Rare ‘rainbow cloud’ spotted over Scotland

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Mother-of-pearl cloud shimmering high in the sky in Angus on Tuesday evening
By Simon King
BBC Weather

Residents in Scotland were amazed by a rare sight in the sky on Tuesday evening.

Looking like a “portal to the next dimension” or possibly a spaceship, the shimmering colours of nacreous cloud were spotted.

One of the highest clouds in our atmosphere, they are often referred to as “mother-of-pearl”, and are rarely spotted in the UK because of the exceptional conditions needed.

Nacreous cloud form in very cold conditions over polar regions and within the stratosphere, around 12-19 miles (19-31km) high, for above our normal clouds.

BBC Weather Watcher SazzyJ “spotted this cloud iridescence from our garden in Edinburgh late afternoon. We’d never seen anything like it before”.

“A portal to the next dimension” said Weather Watcher SkyWatcher.

Another commented “Brief, eerie and bright cloud illumination at sunset this evening. Unsure exactly what. No filter, no spaceship.”

Nacrous cloud spotted by BBC Weather Watcher SazzyJ who said that they’d “never seen anything like it before”

Occasionally cold polar air, locked in place by strong winds high up in the atmosphere – called the polar vortex – weakens and allows this colder air to sink south to our latitude.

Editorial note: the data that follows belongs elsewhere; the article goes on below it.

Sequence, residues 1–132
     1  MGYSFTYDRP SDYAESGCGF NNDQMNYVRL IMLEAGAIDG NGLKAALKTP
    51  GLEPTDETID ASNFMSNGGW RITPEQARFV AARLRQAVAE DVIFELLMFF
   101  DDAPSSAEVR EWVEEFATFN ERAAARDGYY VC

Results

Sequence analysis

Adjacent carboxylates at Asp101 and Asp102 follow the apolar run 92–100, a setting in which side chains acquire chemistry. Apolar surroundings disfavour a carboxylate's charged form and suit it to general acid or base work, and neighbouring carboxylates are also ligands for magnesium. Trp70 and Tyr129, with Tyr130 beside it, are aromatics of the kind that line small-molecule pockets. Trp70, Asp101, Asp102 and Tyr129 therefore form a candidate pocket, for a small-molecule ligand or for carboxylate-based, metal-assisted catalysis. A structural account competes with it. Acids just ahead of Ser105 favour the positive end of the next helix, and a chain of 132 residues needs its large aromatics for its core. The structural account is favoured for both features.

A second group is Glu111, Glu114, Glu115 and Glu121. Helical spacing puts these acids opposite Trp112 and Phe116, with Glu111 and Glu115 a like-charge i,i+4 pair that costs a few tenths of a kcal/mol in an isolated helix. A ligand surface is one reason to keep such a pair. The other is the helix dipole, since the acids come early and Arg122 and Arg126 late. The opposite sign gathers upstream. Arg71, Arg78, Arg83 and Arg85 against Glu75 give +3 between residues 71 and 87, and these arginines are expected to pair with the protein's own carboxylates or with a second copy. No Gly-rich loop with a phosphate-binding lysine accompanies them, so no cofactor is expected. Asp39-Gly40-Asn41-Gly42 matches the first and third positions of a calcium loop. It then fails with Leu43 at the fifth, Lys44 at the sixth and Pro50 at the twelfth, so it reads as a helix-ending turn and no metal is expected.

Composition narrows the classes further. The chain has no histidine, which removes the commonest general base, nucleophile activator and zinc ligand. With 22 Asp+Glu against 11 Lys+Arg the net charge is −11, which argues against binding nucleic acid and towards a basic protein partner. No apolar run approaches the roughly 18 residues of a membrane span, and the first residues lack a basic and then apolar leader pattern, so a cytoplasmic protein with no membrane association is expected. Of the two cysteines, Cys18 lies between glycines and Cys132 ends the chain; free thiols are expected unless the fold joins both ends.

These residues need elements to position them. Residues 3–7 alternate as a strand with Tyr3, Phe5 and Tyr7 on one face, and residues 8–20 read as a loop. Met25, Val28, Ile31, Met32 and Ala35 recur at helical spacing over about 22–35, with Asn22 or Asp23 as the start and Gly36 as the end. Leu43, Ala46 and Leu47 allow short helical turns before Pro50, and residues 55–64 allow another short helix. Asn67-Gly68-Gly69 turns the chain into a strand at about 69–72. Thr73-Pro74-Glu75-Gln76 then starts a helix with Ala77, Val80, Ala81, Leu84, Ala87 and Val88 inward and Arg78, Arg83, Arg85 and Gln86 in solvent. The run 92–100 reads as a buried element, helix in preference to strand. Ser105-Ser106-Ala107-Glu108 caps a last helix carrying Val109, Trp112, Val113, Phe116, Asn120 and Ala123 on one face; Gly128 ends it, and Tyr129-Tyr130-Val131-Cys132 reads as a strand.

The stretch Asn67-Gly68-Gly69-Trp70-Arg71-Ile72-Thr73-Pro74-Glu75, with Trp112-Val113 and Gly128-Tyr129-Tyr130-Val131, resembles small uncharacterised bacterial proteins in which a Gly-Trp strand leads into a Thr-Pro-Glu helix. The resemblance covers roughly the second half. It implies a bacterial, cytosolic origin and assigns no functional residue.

Formed in air that is around -80C, tiny ice crystals reflect sunlight, giving the cloud pearly colours – the reason why it is also called mother-of-pearl.

Nacreous clouds are mostly seen a couple of hours either side of sunset or sunrise and, being so high, they are still lit by sunlight which makes them appear even brighter in our evening sky.

Because of the height and temperature needed this cloud is also known as Polar Stratospheric Cloud.

Iridescent colours appear even brighter during sunset, giving them a spaceship-type appearance
Smooth nacreous cloud with an orange glow during sunset above Edinburgh
Nacreous cloud captured in the evening sky in Musselborough, East Lothian

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11 December